- The Washington Times - Monday, February 18, 2002

Love at first sight is exhilarating, and flowers, cards and chocolates on Valentine's Day are wonderful. They aren't, however, enough to keep a marriage strong and lasting, according to the happily married couples honored at the Master Chorale of Washington's Candlelight, Wine and Song benefit last Thursday: House Majority Whip Tom DeLay and his wife, Christine (who have been together 34 years); radio host Diane Rehm and her husband, John (42 years); Walter L. Cutler , president of the Meridian International Center, and his wife, Didi (two decades); and Sen. Bill Frist and wife Karyn (two decades).
Faith in God, patience and open communication are the keys to keeping love alive over the long haul, the longtime husband-and-wife teams noted as they chatted with friends in the heart-bedecked ballroom of the Four Seasons Hotel.
"There have been times when I haven't liked Tommy, but I have always loved God," Mrs. DeLay said. "When you have made a promise to God, you're committed to make it work."
Mrs. Rehm pointed rather appropriately to communication as one of the most important keys to making a marriage work.
"You have to talk about the tough issues, including sex, children, money and religion. … You can't let them fester and build. It's better to slam doors, swear or get outside help." (She and her husband have written a book about their marriage, titled "Toward Commitment," which will be published by Knopf in the fall.)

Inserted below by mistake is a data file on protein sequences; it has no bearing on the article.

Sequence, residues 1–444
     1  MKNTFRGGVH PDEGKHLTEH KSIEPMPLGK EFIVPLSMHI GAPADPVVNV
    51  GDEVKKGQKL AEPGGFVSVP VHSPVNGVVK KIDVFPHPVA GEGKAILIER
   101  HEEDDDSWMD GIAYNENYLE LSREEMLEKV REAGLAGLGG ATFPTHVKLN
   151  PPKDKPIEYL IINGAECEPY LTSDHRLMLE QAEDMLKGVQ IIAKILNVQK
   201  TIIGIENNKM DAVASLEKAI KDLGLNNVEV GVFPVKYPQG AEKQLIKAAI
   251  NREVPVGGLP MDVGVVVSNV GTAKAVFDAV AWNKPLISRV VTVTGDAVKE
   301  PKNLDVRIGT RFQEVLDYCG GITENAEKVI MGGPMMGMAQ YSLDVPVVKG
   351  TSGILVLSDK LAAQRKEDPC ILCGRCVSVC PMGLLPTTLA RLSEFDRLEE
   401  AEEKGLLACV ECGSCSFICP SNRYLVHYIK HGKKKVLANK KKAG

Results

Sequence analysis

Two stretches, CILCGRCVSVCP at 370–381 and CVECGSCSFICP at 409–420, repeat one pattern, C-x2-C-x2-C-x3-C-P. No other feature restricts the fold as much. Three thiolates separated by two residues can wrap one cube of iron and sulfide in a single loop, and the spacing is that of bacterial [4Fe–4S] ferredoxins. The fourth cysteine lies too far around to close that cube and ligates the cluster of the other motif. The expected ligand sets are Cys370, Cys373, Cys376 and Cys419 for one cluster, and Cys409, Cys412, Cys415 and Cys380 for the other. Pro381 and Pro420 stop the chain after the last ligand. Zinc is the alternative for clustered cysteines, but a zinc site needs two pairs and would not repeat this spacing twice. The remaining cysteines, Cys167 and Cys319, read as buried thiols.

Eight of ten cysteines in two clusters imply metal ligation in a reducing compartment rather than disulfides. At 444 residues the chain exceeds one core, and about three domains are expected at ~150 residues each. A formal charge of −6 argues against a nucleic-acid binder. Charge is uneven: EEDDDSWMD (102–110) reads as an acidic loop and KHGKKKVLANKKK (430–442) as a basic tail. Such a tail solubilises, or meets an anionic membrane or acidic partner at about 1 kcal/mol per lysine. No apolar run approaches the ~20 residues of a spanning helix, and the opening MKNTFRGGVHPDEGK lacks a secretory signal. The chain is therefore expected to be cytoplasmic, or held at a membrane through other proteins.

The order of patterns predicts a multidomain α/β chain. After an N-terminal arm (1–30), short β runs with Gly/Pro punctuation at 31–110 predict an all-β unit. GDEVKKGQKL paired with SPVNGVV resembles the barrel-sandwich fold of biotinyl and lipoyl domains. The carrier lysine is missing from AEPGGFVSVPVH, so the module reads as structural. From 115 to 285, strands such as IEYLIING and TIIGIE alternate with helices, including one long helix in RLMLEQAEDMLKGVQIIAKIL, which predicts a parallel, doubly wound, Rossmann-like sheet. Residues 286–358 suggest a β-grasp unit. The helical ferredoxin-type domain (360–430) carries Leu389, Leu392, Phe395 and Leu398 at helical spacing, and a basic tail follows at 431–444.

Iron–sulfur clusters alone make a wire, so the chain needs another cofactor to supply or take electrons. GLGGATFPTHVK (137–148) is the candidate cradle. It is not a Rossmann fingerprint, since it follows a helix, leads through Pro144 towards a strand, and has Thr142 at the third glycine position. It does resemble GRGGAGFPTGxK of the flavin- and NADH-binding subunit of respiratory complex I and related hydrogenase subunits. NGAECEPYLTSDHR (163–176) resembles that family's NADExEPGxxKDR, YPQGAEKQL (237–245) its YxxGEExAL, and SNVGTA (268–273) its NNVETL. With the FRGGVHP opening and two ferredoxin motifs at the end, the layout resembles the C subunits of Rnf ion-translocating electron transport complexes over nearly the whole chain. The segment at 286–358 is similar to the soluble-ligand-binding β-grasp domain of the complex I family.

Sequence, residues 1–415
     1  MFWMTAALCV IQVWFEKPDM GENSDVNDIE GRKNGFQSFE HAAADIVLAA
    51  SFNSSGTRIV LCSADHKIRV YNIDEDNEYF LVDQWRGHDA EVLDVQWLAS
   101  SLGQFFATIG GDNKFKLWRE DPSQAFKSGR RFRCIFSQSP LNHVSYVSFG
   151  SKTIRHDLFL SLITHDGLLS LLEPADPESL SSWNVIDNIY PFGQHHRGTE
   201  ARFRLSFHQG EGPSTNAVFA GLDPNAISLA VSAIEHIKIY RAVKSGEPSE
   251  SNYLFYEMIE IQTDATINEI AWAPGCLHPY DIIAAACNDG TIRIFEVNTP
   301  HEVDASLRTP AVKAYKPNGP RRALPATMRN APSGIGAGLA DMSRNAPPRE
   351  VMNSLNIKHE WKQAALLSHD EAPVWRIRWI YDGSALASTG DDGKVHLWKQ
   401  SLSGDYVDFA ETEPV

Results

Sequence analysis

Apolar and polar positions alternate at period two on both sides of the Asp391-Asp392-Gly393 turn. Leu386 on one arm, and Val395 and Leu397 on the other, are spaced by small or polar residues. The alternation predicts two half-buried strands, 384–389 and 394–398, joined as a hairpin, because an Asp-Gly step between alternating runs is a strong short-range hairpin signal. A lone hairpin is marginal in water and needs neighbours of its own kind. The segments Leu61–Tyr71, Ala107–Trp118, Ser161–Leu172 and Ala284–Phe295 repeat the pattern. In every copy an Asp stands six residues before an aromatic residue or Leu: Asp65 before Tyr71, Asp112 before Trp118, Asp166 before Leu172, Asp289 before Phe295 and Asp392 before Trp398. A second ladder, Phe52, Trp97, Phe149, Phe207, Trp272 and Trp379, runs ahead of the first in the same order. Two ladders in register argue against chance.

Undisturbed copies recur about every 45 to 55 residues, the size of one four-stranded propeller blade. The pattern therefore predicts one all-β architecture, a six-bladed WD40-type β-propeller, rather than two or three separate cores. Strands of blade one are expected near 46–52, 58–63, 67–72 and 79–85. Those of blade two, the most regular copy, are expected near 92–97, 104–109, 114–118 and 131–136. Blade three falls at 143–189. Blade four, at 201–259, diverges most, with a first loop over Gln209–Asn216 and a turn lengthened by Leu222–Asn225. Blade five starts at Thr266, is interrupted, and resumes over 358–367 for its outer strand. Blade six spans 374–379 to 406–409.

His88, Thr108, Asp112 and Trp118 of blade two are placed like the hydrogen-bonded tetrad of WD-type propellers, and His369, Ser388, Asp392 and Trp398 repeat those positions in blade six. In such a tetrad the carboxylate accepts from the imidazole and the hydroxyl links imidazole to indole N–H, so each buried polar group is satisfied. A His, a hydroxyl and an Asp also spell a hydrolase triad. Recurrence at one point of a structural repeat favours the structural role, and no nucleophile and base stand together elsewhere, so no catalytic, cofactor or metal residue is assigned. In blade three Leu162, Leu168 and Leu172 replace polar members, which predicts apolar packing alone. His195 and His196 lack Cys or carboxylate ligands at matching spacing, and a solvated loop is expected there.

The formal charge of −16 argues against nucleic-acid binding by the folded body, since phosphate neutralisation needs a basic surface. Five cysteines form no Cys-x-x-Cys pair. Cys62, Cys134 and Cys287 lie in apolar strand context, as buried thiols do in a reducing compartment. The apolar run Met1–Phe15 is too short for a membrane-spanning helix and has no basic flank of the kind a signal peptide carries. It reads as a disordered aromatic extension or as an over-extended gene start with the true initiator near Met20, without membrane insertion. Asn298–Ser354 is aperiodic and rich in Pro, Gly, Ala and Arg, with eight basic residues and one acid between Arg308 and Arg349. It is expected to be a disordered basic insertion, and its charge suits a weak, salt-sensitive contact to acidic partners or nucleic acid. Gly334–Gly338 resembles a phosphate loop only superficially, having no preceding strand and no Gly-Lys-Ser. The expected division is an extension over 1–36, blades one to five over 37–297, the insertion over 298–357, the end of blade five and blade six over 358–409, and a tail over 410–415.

Organizer Lynda Webster, wife of former FBI and CIA chief William H. Webster, said the awardees are chosen through a screening process (which she, in the best secret-agent fashion, did not reveal) to make sure theirs is "true" love.
"We don't want to honor a couple and then it turns out one of them is having an affair," Mrs. Webster said. "We want happy, married couples with integrity."
The event raised about $100,000 for the Master Chorale, whose director, Donald McCullough , got to tell the stories of how the couples met. The DeLays, for example, were high school students in Texas when Mrs. DeLay fell for her future husband who was wearing black cowboy boots, tight jeans and a shirt with turquoise roses at first sight.
"I was hot," Mr. DeLay admitted as his wife nodded. "The rest of the story is that she was going out with a friend of mine, Frog. But Frog was moving and asked me to take care of her and I have, for the past 38 years."
Gabriella Boston


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